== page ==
This month we talked with Jay Love, CEO, and Steven Shattuck, VP of Marketing, from Bloomerang, a startup that works with companies in the non-profit sector to build relationships with existing and new donors.
Kylie: What is Bloomerang? What’s the story and history behind it?
Jay: I’ve been in the database and accounting technology industry since 1983 (this is the third company) and I also have a passion for the non-profit area. Bloomerang is a perfect match for me because it combines my passion for non-profits and I know the industry well.
The first company created a PC-based database program, which was very new at the time. The second company was with eTapestry, which was cloud-based. This third time (with Bloomerang) combined cloud-based technology with best practices from leading industry experts and it’s been amazing; we’ve been growing at 2-3 times the speed of the other two previous companies.
Steven: Just to add to that, everyone at Bloomerang has worked for Jay or has worked in the non-profit sector in the past so everyone is really bought into and passionate about Bloomerang’s mission. Employees have ownership, and everyone is invested. It’s a really cool place to work.
Kylie: How have you built up the company over the past two years? When did you gain momentum?
Jay: We started in September 2012, had our first release in February 2013, and then it took a few months for momentum to build. A year in we ended up with more leads than we could follow up on. Steven joined a year in too and he’s been really focused on building our inbound marketing campaign (we now get a bigger percentage of leads from that). Now, getting customer advocates has been key for us and a huge help in bringing in new people.
Kylie: I saw that over 50% of donors in the non-profit sector aren’t around the following year, which is an incredibly low retention rate. Why do you think that is?
Jay: Well our mission is to improve that retention rate of donors for non-profits. If you can believe it, it used to be 39% retention; that’s only just started to go back up. Part of the reason it was so low is people were so focused on bringing new donors in and not on building and continuing relationships with existing donors.
Our goal is to help non-profits build on those relationships. We actually pool all current customers retention rates and compare with the national average to see how our own customers retention rate is going.
Kylie: Is it better?
Jay: It is!
Kylie: That’s great! So we’ve been talking a lot about the non-profit space. Any advice for people looking to build a startup in that space?
Jay: Don’t get into the non-profit space unless you have a passion for it personally.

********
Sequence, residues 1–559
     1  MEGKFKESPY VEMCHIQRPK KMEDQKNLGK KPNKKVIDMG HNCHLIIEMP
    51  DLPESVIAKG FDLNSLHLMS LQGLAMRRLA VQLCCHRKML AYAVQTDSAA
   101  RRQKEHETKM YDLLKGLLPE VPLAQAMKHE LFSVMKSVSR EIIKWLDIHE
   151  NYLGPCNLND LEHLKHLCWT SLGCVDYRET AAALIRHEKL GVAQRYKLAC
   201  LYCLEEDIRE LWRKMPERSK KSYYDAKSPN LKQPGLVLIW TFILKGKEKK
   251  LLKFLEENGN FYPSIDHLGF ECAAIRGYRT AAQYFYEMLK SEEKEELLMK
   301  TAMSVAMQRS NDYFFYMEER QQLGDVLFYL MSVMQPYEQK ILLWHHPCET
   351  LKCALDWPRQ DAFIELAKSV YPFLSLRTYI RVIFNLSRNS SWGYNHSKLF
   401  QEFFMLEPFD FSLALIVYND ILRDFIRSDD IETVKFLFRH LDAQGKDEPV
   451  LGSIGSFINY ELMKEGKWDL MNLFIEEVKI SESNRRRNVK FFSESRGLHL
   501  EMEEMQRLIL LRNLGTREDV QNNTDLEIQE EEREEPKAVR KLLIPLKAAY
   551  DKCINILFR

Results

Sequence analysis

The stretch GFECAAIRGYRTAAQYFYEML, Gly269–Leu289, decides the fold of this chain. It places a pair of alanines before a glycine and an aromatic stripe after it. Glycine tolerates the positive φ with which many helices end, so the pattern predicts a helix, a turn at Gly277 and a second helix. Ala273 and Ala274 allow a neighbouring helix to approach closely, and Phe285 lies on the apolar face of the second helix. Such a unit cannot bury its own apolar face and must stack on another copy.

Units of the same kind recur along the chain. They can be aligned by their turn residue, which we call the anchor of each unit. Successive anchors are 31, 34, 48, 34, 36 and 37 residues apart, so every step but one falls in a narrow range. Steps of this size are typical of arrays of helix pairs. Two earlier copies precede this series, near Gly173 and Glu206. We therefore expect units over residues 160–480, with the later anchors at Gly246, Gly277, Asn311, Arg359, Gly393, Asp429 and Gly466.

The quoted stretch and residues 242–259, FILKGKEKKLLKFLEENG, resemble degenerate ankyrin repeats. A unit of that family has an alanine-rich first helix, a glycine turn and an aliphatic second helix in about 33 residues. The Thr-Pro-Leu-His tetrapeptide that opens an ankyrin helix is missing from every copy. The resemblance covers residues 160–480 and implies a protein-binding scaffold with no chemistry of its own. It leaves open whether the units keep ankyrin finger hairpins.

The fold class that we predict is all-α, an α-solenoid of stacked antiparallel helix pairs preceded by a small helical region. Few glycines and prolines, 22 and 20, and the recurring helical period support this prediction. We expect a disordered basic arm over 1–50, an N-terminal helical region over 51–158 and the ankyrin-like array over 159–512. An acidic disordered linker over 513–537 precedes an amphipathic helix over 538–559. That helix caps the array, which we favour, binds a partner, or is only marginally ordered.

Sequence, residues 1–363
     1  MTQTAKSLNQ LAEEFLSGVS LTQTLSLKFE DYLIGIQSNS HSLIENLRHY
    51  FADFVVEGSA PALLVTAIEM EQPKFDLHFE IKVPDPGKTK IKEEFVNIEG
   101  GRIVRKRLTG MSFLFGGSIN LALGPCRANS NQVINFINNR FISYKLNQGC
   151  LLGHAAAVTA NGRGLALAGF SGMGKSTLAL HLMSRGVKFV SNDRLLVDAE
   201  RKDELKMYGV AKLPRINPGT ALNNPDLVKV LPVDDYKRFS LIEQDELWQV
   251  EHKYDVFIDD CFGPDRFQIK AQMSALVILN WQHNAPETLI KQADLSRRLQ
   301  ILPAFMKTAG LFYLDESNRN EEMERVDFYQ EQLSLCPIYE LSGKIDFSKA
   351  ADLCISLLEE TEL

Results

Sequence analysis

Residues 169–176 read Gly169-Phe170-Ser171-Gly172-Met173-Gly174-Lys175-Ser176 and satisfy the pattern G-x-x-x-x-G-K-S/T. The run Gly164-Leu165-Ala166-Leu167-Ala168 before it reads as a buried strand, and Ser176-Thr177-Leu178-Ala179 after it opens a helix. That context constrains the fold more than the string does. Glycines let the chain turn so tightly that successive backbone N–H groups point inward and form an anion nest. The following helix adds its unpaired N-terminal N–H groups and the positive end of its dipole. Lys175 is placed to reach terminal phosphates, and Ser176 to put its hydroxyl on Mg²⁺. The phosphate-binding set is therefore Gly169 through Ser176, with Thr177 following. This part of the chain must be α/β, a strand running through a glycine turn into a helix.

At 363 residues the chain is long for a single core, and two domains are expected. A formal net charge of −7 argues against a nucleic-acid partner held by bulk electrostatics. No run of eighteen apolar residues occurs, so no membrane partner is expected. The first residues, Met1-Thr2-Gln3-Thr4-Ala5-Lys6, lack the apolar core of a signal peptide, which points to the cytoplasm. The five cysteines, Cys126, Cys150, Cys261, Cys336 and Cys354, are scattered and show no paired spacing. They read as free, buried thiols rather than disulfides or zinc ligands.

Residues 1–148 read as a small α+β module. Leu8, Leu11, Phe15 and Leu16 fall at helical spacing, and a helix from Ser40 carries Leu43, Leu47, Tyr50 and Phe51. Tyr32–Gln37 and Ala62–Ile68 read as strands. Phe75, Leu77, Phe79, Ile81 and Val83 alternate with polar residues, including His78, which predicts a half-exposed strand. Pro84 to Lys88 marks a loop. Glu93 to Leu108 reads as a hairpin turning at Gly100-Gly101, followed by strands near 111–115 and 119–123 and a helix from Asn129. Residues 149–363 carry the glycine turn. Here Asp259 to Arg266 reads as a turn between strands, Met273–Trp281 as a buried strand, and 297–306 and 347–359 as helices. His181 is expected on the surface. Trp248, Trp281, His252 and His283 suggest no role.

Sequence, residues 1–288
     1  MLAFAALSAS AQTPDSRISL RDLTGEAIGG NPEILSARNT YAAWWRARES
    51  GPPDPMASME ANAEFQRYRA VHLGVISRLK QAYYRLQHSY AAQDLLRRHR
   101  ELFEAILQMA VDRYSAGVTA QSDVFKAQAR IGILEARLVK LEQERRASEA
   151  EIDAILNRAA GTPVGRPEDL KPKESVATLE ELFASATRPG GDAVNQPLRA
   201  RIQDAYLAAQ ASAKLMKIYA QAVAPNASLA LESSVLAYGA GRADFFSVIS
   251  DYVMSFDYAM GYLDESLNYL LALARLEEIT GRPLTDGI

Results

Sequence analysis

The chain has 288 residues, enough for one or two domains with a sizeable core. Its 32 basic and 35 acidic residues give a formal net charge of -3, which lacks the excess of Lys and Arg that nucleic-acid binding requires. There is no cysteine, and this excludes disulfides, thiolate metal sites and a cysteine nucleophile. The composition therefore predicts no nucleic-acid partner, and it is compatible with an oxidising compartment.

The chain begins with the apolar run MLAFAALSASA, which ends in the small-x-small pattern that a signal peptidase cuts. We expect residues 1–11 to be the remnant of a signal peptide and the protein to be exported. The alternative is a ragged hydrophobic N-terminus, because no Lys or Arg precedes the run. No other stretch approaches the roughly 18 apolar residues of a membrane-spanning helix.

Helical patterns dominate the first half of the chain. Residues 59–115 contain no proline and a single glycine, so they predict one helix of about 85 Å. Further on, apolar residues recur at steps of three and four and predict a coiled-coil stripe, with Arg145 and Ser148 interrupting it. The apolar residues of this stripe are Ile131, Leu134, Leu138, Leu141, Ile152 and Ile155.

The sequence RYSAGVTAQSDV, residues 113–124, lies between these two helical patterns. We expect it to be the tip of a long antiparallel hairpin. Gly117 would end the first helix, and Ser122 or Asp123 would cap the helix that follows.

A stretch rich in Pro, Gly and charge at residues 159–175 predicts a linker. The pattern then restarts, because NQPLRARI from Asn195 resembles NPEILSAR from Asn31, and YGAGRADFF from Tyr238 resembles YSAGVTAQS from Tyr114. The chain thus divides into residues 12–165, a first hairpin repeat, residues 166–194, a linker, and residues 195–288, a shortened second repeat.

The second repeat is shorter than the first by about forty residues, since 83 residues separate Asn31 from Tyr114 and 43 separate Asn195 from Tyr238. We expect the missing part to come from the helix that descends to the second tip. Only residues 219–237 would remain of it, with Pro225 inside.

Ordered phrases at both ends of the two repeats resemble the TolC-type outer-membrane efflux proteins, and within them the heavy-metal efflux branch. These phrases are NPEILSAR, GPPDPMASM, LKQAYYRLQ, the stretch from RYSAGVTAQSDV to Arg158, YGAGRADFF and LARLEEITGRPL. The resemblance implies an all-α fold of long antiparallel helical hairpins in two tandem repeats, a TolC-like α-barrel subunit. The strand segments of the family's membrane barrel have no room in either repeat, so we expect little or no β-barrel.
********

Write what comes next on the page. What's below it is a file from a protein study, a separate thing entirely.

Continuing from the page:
Steve: It’s been interesting to see that the less we talk about Bloomerang, the more interest there is in it. So I would suggest creating content that fundraisers, or non-profits in general, can use.
Build a reputation for being about educational content and becoming a thought leader and then you can say, by the way, “we have this amazing software” on the side. People may not have an interest in the product currently, but you can stay top of mind because you’re providing content rather than trying to just sell to them. Build up credibility and have the institutional knowledge about the sector.
Finally, we stay lean; that really helps.
Kylie: I just read an article that said non-profits should be run like startups. Any thoughts on that?
Jay: I think it’s good advice for any company really. Think about what you’ll find at successful startups. The best talent. A culture and environment that people are excited about. Being metric-driven and knowing from that what key factors to turn. So the key factors in a successful startup can be applied across the board to any company.
Kylie: You have the Bloomies which I saw on your website and loved: tell us, what are the Bloomies? How did they come about?
Jay: They’re very large underwear, of course!
Steven: Haha, too true. Really the Bloomies are my baby. I’m relatively new to the non-profit sector and it’s weird in that there’s this martyr mentality: people are underpaid, understaffed and overworked. People are always criticizing non-profits and are kinda hard on them; you hear a lot of negative comments. I wanted to create something that celebrates all of the good they do, because there’s a lot of good! People are talking about it and like to share the good they see.
We have a Bloomie winner every Friday (people can nominate which company they think is doing good and think deserves recognition), and we internally nominate what we come across, too. It’s definitely not only Bloomerang customers, in fact I think we’ve only had one Bloomerang customer. People learn what’s going on from the Bloomies too; it’s like a mini case study.
Kylie: I love it. Now, for the serious, pressing questions: Bill Gates just drank purified poop water. Would you?
Steven: If Bill Gates did it, I would too.
Jay: As long as it’s certified purified, I’d do it.
Kylie: Anything else you’d like to tell us, or mention?
Jay: We do have startup cred—we have a ping pong table. The secret to winning is don’t hit the sides because you can’t win that way. Because it’s so small. One day we’ll upgrade.
Steven: We’re also in the basement of a former military prison (we prefer to call it the mezzanine rather than the basement) and have Christmas lights on the pipes to help with the festive mood.
Kylie: These are all great things to know. Perhaps you can visit us though, rather than the other way around.
Jay: Definitely! Are you excited to have Harbaugh at Michigan?
Kylie: Yes indeed, much hype to be had! Hopefully it will mean better things for Michigan this next season.
Jay: Yes, I can imagine, although we’re slightly worried for our local Purdue team now…
Kylie: Muhaha I should hope so!